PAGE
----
Experimental design information, including plot metadata such as disturbance severity or treatment assignments, can be accessed via fd_plot_metadata() (see FoRTE Working with Data vignette for a worked example).
Biomass estimates from plot forest inventory data are available using the calc_biomass() function, which uses regionally relevant allometries with a power law function to convert tree diameter to biomass in kilograms of C and calc_lai() estimates leaf area index (LAI) from FoRTE litter data found in fd_litter() using site-derived specific leaf area (SLA) data (see Leaf Litter vignette for further information).
2.7 Accessing FoRTE data without using fortedata
All data contained in fortedata can also be accessed directly via Figshare (https://doi.org/10.6084/m9.figshare.12292490.v3, Atkins et al., 2020c) as a compressed file containing all output generated from each function in fortedata (Atkins et al., 2020c). This mirror of the dataset will be updated with each major release of fortedata.
2.8 FoRTE documentation and vignettes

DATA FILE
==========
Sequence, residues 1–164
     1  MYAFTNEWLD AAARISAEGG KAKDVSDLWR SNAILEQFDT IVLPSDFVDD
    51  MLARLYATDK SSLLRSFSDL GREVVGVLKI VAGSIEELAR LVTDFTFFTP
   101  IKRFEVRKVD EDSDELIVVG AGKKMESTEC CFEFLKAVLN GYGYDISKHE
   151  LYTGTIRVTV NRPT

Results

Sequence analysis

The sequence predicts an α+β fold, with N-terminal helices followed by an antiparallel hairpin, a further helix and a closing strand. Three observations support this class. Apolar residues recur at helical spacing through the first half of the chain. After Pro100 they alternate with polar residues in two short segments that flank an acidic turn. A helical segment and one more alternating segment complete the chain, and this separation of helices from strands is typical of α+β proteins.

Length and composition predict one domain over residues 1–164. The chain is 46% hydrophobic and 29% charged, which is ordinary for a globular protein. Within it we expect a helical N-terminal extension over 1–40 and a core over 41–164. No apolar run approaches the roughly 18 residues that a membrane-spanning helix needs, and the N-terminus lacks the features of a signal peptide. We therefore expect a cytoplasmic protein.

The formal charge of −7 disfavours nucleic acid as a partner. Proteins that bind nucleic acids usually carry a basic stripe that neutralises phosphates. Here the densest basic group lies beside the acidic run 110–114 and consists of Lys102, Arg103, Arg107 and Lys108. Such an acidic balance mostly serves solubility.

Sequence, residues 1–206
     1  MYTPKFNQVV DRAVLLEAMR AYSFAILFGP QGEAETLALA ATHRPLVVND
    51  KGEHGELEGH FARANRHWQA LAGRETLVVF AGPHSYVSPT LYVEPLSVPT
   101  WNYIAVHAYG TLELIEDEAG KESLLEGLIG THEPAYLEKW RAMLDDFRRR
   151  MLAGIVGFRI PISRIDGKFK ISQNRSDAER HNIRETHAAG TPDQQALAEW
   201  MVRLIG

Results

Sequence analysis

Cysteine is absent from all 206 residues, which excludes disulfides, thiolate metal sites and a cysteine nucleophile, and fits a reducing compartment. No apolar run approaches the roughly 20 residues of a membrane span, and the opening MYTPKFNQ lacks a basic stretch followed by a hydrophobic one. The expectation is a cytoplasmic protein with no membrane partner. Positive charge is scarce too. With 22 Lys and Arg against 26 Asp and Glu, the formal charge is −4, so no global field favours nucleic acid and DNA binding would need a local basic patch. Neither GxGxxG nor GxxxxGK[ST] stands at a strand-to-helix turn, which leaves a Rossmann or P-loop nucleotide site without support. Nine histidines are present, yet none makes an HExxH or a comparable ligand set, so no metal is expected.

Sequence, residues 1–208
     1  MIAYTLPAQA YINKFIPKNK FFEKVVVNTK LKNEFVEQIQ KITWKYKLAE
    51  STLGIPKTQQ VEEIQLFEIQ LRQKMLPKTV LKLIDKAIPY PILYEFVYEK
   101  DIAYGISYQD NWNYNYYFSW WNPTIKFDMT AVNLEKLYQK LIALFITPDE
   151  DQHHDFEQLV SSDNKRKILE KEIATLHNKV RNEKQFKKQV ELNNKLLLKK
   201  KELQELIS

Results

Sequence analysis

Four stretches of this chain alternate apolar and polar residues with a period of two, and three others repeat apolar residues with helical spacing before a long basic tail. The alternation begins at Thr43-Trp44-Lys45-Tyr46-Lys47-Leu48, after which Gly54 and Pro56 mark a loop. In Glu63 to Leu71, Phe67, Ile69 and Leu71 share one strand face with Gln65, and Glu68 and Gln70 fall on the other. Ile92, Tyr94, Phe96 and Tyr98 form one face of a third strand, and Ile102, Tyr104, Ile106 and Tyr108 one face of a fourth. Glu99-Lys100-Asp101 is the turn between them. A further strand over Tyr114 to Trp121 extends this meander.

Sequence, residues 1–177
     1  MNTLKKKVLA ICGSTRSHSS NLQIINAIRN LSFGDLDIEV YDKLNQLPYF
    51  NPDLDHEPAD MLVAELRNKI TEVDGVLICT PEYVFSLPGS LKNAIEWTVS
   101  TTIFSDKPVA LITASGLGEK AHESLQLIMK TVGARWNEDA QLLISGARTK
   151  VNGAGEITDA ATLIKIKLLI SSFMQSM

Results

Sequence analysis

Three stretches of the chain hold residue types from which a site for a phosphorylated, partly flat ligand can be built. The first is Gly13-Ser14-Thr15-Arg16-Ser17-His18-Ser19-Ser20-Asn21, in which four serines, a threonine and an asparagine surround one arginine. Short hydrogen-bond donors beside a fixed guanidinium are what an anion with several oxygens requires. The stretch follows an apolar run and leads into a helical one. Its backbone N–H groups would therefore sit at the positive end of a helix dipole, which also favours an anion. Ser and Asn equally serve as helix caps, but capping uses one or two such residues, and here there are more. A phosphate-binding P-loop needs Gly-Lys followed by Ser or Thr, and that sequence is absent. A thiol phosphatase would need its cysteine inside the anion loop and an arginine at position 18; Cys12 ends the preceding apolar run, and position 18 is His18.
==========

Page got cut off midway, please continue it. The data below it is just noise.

This paper serves as the primary documentation for FoRTE data, and all code to reproduce this paper – including the tables and plots herein – is available in the package (https://github.com/FoRTExperiment/fortedata/tree/master/essd, last access: 19 February 2021). The package also includes additional supporting documentation via R's standard help system. Vignettes, which are guided tutorials that include example code or background information such as experimental design and proposal narratives, are also included both in the package and online and can be accessed via BrowseVignettes(“fortedata”). Vignettes are currently available for the functions above, and additional vignettes will be added as new data products are incorporated into fortedata.